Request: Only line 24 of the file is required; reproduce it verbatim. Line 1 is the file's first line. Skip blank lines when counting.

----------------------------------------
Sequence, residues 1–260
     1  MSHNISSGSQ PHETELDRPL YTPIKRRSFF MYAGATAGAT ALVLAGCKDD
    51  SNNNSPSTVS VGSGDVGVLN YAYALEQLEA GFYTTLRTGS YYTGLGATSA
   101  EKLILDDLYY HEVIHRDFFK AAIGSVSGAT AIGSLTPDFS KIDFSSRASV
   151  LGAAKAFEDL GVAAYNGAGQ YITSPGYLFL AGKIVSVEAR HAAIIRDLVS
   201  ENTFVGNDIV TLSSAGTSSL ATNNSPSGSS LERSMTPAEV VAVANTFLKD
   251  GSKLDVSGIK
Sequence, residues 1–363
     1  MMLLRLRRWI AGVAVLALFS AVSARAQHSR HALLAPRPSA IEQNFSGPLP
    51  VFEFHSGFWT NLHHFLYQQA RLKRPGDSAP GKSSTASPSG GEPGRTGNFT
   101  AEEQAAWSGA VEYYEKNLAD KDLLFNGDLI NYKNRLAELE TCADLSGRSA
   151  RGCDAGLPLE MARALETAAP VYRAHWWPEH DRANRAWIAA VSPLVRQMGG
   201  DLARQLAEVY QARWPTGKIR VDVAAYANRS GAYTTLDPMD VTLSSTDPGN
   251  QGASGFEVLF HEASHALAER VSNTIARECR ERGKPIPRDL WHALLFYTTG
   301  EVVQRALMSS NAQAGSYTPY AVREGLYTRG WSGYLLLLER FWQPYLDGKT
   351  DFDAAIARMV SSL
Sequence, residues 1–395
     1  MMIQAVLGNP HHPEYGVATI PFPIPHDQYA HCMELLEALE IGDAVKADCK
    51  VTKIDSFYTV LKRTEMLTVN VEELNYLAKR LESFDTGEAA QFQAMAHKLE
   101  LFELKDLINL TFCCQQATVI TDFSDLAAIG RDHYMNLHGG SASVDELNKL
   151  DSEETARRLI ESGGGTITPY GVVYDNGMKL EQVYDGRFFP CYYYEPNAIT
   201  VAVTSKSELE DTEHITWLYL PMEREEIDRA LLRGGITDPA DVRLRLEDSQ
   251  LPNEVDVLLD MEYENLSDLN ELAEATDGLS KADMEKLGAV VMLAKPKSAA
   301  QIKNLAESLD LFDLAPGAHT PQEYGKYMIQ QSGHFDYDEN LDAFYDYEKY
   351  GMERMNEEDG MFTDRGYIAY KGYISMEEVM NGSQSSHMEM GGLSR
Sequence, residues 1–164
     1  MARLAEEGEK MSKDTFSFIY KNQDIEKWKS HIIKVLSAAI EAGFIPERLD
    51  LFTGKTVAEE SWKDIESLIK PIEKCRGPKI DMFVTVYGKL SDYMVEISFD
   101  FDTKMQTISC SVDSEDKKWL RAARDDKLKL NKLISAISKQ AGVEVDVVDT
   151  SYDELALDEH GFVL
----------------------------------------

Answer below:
   301  QIKNLAESLD LFDLAPGAHT PQEYGKYMIQ QSGHFDYDEN LDAFYDYEKY